“I suppose. Do I need a lawyer?”
“Not really, not at this point. Don’t hire a lawyer until you need one.” The vultures would soon be circling and the courtroom would get crowded. Drop $20 million on the table and get out of the way.
“Will you tell me if I need one?” she asked innocently.
“Yes, I will,” Jake said, though he had no idea how he would give such advice. He poured more coffee and noticed she had not touched hers. He glanced at his watch. They had been together for thirty minutes and she had yet to ask about the size of the estate. A white person wouldn’t have made it five minutes without such an inquiry. At times she seemed to absorb each word, and at times she seemed to deflect them, as if overwhelmed.
She cried again and wiped her cheeks.
“Are you curious about how much?” Jake asked.
“I figured you’d tell me sooner or later.”
“I’ve seen nothing in the way of financial statements. I’ve not been inside his office, though that should happen soon. But, according to Mr. Amburgh, Seth Hubbard recently sold his company and cleared about $20 million. Mr. Amburgh thinks this is probably sitting in a bank somewhere. Cash. Plus there are a few other assets, maybe some real estate here and there. One of my jobs is to locate everything and inventory it for the court, and for the beneficiaries.”
“And I’m one of those—a beneficiary?”
“Oh yes, very much so. Ninety percent.”
“Ninety percent of twenty million?”
“Yes, give or take.”
“Oh my God, Jake.” She reached for the tissues and collapsed again.
Over the next hour, they managed some progress. Between her emotional meltdowns, Jake laid out the basics of estate administration—time, the people involved, court appearances, taxes, and lastly, the transfer of assets. The more he talked, though, the more confused she became, and he suspected that much of what he was saying would be repeated soon. He dumbed down the issues involved in a will contest and made cautious predictions as to what might happen. Knowing Judge Atlee and his distaste of lingering cases and slow lawyers, Jake believed a trial, assuming there was one, would take place within the next twelve months, probably sooner. With so much at stake, the losing party would certainly appeal, so tack on two more years before a final outcome. As Lettie began to grasp the ordeal and how long it might take, her resolve stiffened and she gathered her emotions.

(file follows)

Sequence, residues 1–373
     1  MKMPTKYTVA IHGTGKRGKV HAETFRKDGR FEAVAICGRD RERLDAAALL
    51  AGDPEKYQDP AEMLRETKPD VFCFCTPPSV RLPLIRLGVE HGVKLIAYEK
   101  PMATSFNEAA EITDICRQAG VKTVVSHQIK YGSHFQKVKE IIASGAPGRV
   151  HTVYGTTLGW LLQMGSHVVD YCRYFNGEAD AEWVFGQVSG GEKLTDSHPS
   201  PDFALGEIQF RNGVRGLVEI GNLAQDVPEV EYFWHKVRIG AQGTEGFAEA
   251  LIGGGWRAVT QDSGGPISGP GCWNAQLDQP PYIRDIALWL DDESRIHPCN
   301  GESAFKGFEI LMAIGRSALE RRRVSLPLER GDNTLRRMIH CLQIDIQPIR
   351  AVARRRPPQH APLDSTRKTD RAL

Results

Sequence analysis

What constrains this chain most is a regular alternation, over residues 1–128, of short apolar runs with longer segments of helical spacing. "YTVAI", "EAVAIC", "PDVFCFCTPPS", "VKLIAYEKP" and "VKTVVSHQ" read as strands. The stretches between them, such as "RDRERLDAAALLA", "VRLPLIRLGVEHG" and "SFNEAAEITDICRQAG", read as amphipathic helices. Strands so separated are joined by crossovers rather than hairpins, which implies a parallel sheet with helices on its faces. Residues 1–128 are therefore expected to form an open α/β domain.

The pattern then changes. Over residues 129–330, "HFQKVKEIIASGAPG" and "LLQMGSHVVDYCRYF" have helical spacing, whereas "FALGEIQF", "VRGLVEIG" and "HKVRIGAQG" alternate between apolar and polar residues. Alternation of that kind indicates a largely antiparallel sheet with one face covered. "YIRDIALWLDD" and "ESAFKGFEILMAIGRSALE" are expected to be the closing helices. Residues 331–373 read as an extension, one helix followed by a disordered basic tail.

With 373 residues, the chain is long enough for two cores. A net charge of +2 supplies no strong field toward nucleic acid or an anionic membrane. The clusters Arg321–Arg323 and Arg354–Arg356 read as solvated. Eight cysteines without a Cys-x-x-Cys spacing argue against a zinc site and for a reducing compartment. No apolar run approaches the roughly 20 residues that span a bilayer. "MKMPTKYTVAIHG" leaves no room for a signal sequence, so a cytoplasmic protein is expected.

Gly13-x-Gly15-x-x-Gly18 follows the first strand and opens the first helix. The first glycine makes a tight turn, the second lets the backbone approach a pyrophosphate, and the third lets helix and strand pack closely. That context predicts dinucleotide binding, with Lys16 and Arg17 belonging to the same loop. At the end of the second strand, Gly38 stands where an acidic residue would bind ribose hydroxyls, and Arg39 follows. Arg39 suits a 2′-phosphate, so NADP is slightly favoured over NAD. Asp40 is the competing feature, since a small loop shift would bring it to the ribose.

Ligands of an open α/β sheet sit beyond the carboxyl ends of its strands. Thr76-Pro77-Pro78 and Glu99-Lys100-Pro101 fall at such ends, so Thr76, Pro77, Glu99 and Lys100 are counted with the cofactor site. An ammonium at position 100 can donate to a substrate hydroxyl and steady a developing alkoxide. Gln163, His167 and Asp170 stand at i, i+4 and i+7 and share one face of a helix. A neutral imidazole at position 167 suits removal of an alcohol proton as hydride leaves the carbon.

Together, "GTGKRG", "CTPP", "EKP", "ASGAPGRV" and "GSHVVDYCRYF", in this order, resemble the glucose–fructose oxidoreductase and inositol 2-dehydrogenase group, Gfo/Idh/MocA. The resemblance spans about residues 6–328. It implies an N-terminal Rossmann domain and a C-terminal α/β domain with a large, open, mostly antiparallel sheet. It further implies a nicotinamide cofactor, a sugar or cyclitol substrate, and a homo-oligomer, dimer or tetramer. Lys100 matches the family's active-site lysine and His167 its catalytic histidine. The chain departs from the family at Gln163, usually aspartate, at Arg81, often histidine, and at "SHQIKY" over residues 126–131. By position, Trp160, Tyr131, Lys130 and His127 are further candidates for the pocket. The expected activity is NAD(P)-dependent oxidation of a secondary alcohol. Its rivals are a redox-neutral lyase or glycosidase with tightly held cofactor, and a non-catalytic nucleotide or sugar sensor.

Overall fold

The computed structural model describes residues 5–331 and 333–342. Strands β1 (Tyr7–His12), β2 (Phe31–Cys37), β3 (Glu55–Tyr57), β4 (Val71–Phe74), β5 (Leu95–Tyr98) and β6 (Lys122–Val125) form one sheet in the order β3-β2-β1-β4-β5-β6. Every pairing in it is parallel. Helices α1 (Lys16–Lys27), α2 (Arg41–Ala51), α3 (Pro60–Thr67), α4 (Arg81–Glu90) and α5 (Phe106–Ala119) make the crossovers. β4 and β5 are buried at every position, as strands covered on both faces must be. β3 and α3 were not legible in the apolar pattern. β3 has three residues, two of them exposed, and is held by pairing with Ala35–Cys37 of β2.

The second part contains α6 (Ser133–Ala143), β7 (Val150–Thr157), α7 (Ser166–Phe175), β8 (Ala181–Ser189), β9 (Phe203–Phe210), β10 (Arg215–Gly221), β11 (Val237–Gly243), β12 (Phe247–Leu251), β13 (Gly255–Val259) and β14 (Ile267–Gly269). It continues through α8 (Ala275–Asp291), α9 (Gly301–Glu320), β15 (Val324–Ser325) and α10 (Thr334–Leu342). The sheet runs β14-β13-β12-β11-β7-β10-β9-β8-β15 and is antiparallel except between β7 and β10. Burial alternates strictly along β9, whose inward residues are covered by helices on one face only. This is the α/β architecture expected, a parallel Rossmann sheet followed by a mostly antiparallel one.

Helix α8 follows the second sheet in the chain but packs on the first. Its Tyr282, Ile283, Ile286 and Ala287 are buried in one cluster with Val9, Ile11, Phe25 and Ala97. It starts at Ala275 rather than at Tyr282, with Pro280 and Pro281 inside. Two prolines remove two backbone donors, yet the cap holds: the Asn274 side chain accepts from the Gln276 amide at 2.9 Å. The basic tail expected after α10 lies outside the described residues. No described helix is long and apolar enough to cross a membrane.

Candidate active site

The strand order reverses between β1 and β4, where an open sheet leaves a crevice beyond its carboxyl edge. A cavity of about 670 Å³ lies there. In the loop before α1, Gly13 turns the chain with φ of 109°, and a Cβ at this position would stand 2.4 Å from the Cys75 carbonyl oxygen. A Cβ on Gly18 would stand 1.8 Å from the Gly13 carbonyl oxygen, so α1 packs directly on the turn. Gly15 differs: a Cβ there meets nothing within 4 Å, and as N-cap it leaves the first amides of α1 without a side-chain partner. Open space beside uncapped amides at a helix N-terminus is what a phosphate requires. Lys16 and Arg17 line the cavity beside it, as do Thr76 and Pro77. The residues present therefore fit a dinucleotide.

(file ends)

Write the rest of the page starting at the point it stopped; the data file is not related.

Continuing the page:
Twice she asked if there was any way to keep it all quiet. No, Jake explained patiently, that would not be possible. She feared Simeon and his family of outlaws and wondered if she should move away. Jake had no advice on that matter, but he had already envisioned the coming chaos in her life as kinfolks materialized and new friends came out of the woods.